”Not to put too fine a point on it, [neglecting the swing voters] is insane. For one thing, a swing voter who switches his allegiance from one party to another is worth twice as much at the polls as a non-voter who you mobilize. Moreover, if Dean doesn't even try to win over former Bush voters to his side, he's going to make it easy for Bush to reach swing voters who went for Gore in 2000. Last but not least, this strategy ignores the single biggest advantage the Democrats have going into the race -- the fact that Bush's policies remain consistently less popular than Bush himself. A clear opportunity exists to convince people to vote their actual beliefs rather than their gut-level affection for the president's personality, but it won't amount to much if the opposition isn't interested in reaching out. It's true that the potential swing electorate is rather small, but it certainly exists, and it's well worth fighting for.”

This gets at the heart of the Democrats’ dilemma. There’s as much unsaid here as there is said, though, and I may well be about to go off on a Rohrschach test-style tangent, seeing something there that another reader doesn’t see. With that disclaimer, here I go.

I think Matt has constructed a straw man here, or bought too heavily into the media image of Howard Dean as the radical-left candidate of angry Bush haters. I don’t think “energizing the party” necessarily means cheerleading for the people who want to boil Bush in oil. Dean can legitimately claim to have remade the party, thanks to hundreds of thousands of small contributors, ten of thousands of Meet-Ups. And the Dean revolution is primarily organizational, not ideological. I think Dean has a great chance of crafting a vivid, vigorous, positive image for the party and the campaign.

Lurch leftward to fire up the base, or lurch rightward to appeal to those mythical creatures, the swing voters. What if it’s not an either-or choice? What if there is a zen process whereby by not trying to get the swing voters, that’s how you get ‘em? That possibility makes as much sense to me as anything. Don’t lurch. Work hard. Show some integrity. Don’t posture, don’t bullshit, and don’t take any bullshit from your opponent or from the press.

Maybe I just need to see more specifically what this Penn-ian swing voter strategy is. What I fear is that it would resemble the Dems’ strategy from the ’02 midterms, which was “give Bush everything he wants, but whine and nitpick about it in the process.”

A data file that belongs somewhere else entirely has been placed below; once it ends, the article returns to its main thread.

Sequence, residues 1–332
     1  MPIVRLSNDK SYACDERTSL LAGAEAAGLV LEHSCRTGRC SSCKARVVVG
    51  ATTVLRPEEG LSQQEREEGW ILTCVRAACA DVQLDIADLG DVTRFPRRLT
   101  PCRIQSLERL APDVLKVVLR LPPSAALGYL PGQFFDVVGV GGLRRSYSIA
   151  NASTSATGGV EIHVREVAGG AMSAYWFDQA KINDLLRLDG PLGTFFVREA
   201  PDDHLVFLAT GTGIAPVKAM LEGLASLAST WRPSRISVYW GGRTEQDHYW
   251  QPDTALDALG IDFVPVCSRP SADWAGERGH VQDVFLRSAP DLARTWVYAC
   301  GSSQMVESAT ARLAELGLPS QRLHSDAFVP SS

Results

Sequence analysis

I acknowledge the point that Americans like G.W. Bush the man better than they like his policies. The eventual nominee will need to moderate the anti-Bush rhetoric. The best way to attack Bush is not to say he’s a liar. It’s to say that he’s well-intentioned but weak, that his administration is out of control, that the real people in charge are Dick Cheney and Karl Rove, the ideologues and the stonewallers and the petty political backstabbers. The Democrats are the truth-telling, decent, pragmatic alternative.

Matt’s remark that a swing voter is twice as valuable as a new voter, is a bit facile. A Rolex watch, if I found it lying on the sidewalk, would be worth more than my whole week’s paycheck. But which do I have a better chance of actually getting my hands on?

Okay, my metaphor isn’t that great either. I’m not a complete idiot, and neither (need I point out) is Joe Trippi. No one wants the Democrats to ignore the electoral map or other tactical considerations in the fall. My final word for now: Joe Trippi has worked a near revolution in progressive politics in the last year. Mark Penn works for Joe Lieberman, for crying out loud. Right now I’m a lot more inclined to trust Trippi’s judgment than Penn’s.

Atrios as always is smarter and more concise than I.

Calpundit’s thoughts are here.

Tapped again (Nick Confessore this time). Somebody slap me, because when I read a Beltway journalist, even a good one like Mr. Confessore, say something “verges on gibberish,” my knee-jerk reaction is to give more credence, not less, to the so-called gibberish.

Tuesday, January 13, 2004

Monday, January 12, 2004

DEMOCRATS AND THE SOUTH: I think Josh Marshall says something smart here.

I am well aware that looking at the electoral map, there are some plausible scenarios under which the Democrats can win the White House without carrying any Southern state. But writing off a large portion of the electorate is risky. It's not just that, as Marshall puts it, whatever definition you attach to white Southerners ("ideologically pragmatic, culturally conservative" is one stab at it) would include a dangerously large number of people outside the old Confederacy. It's that pandering to some voters and neglecting others is a disspiriting spectacle. It de-energizes your core voters, as well as limiting your outreach to new voters.

This is another front on which the Democrats should stand fast and not give ground. We want a political party to offer us a vision of the country's future, not subdivide and segment us like the cable TV dial.
SHOPPING FOR FAITH: I’ve made versions of this comment on several other people’s blogs – now let me use it as fodder for a blog post of my own. I am only slightly deterred by the fact that this op-ed piece by Steven Waldman already made many of my points for me.

Several reporters and pundits have recounted the story of how Howard Dean changed churches, from an Episcopal to a Congregational church, over a bike path. Julian Sanchez in Reason, Franklin Foer in The New Republic, George Stephanopoulos on ABC News, and probably others have referred to it.